permanently in kibbutz. How much -- how many are in the team that is assigned to fight perpetrators? That's just too much.

GOLODRYGA: Ronen, we could continue talking to you about this for the whole hour. Unfortunately, we are out of time. And this, as it appears that

that long anticipated massive ground invasion appears to be imminent. The Israeli defense minister telling troops that are stationed nearby to quote,

"They will soon see Gaza from the inside."

So, we'll be following all of these developments very closely. Ronen Bergman, always great to have you on.

ASHER: Thank you, Ronen.

BERGMAN: It is imminent. Thank you so much.

ASHER: Of course. All right, still to come among Israel's allies vowing their support is Britain's Prime Minister Rishi Sunak. There he is. He is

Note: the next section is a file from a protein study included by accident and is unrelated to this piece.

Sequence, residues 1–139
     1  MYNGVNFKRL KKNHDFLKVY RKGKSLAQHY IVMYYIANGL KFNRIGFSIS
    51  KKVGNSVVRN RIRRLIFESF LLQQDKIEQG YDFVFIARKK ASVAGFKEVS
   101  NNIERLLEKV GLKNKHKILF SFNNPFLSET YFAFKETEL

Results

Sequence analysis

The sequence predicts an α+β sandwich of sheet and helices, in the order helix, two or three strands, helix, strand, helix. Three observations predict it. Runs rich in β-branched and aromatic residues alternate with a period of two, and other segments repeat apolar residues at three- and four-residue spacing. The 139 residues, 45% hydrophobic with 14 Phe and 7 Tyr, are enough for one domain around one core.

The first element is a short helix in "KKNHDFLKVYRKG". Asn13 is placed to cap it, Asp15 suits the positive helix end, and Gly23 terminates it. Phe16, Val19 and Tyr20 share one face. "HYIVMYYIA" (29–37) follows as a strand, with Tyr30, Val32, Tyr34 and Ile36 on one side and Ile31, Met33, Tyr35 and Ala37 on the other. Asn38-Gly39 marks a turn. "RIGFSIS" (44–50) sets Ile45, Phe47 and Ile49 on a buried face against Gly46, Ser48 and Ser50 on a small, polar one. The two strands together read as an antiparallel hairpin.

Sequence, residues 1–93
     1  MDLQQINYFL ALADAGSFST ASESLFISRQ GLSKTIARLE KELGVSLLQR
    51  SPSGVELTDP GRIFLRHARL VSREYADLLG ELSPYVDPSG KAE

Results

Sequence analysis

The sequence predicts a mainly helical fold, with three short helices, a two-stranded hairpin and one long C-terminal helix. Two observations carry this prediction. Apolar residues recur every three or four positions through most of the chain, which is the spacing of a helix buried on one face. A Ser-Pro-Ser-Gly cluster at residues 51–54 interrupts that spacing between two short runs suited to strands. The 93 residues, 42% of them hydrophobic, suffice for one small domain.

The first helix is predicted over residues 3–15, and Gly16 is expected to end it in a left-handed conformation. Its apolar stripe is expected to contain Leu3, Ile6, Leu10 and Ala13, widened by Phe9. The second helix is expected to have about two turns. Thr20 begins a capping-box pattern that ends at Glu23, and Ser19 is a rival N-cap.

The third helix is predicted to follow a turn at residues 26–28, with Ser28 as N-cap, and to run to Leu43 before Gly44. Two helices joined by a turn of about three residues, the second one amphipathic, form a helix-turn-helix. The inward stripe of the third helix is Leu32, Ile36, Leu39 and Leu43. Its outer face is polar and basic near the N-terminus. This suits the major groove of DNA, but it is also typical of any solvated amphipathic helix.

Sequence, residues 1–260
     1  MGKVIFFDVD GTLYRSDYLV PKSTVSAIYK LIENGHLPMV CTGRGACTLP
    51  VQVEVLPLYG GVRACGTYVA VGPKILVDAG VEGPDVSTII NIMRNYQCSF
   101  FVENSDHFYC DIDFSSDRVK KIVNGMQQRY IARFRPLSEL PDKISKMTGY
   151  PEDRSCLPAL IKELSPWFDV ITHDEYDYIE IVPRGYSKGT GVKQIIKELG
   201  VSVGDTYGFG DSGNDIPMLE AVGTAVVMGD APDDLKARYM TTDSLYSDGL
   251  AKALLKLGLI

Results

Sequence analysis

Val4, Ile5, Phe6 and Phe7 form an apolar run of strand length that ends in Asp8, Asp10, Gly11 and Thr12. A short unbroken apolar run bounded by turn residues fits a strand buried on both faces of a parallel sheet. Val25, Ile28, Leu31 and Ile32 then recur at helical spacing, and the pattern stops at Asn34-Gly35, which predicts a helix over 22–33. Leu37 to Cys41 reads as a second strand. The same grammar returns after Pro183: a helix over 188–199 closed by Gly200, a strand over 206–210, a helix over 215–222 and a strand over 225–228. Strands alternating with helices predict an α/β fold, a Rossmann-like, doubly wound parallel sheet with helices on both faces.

promising friendship. He is promising solidarity in what Israel has called its darkest hour.




ANDERSON: Welcome back. Live from Tel Aviv, I'm Becky Anderson. Our breaking news coverage continues. Well just in, the Egyptian security

officials telling CNN that the Rafah border crossing is preparing to open on Friday morning. A CNN journalist at the crossing said 25 trucks carrying

aid to the Palestinians in Gaza are ready to cross and the road is being cleaned in preparation for the journey.

Meantime, U.K. Prime Minister Rishi Sunak says Britain supports Israel's, quote, "right to defend itself in line with international law and to go

after Hamas". Mr. Sunak met with the Israeli President Isaac Herzog and Prime Minister Benjamin Netanyahu on Thursday, the latest Western leader to

travel to Tel Aviv following President Joe Biden's visit here on Wednesday.

Sunak added, quote, "We recognize that the Palestinian people are victims of Hamas, too, and welcome Israel's decision to allow some humanitarian aid

into Egypt from -- into Gaza from Egypt."